The play is the trick-taking part of the game. Players must follow suit and there are no trumps.

Play starts with the Elder hand placing a card face up and scoring one point. The Younger then scores for their declarations, and plays a card that follows suit, if possible. If not, they may discard anything they choose. The winner of the trick (the player with the highest card in the suit led), takes the trick, placing it face-down (usually–see variations) in front of them. The winner of the trick leads the next.

When forced to discard, it is important to choose the right card. See tactics.

Score is usually kept verbally as play progresses. Trick score counts as follows:

  • 1 point for leading a trick
  • If the second player (the player who doesn’t lead) wins a trick, they get a point.
  • The winner of the last trick wins a 1 point bonus (see variations).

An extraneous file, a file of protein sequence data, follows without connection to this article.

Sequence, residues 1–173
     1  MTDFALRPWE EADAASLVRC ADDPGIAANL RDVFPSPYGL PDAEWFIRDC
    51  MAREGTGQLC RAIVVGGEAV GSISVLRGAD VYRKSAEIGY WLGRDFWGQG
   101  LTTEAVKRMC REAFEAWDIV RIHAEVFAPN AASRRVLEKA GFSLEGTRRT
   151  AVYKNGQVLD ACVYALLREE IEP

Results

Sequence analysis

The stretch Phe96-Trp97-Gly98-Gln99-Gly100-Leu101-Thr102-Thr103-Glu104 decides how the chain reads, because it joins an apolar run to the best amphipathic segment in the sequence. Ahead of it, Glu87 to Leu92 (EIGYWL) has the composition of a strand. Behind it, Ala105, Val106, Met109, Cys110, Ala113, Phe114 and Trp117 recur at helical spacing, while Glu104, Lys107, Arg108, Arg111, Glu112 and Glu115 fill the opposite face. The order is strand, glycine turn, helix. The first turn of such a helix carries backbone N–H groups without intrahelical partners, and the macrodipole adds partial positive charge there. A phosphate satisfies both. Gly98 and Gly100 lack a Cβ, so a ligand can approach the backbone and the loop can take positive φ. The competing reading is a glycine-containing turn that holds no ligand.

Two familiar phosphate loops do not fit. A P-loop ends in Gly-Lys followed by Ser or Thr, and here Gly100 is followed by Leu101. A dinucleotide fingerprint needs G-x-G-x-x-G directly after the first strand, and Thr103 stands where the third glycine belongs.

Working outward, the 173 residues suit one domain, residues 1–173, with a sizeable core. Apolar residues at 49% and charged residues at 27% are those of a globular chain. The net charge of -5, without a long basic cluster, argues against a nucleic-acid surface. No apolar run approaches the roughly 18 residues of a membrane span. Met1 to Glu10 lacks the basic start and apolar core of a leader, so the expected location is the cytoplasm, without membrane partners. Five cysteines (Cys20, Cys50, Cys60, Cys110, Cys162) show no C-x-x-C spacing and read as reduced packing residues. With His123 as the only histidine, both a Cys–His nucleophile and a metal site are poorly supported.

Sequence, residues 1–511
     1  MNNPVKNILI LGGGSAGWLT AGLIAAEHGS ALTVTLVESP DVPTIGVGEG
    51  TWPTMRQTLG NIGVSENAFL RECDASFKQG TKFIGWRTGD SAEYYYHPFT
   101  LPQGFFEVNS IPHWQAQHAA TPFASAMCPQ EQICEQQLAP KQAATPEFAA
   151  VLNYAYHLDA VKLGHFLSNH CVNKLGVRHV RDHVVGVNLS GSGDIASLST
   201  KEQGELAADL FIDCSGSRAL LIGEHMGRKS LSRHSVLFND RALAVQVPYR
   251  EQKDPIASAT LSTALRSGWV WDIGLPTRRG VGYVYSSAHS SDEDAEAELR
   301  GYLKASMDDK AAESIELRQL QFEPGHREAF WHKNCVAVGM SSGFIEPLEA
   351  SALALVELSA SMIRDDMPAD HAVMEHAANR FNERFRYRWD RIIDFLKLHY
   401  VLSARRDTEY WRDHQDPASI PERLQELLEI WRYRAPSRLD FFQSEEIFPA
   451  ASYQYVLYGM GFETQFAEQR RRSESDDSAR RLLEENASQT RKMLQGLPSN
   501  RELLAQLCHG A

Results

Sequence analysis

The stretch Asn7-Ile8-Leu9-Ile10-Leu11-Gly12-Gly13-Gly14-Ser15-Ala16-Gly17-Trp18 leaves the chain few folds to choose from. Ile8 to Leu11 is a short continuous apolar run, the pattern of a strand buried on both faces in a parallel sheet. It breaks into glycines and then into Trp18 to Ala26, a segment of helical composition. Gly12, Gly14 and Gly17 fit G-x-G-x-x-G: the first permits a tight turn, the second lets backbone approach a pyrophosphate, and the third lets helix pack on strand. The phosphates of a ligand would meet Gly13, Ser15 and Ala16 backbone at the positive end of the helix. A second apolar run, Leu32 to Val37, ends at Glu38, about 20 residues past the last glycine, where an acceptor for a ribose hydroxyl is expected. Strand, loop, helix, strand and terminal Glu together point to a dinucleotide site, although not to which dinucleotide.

If all 12 tricks are won by one player, that player scores 40 points for capot. Otherwise, the player with the greater number of tricks won scores 10. If there is a tie, then neither player scores any extra points.

Crossing the Rubicon

When a player scores more than 100 points in the course of a partie, this is known as Crossing the Rubicon and is important in scoring.


If both players score at least 100 in a partie, then the score is winner – loser + 100. If, however, the loser fails to cross the Rubicon and score 100, then the loss is much more punishing: winner + loser + 100.


Players may choose to keep tricks face up in front of them.

The winner of the last trick may score 10 points instead of 1, making the choice of how to close the play more significant.

This article is licensed under the GNU Free Documentation License. It uses material from the Wikipedia.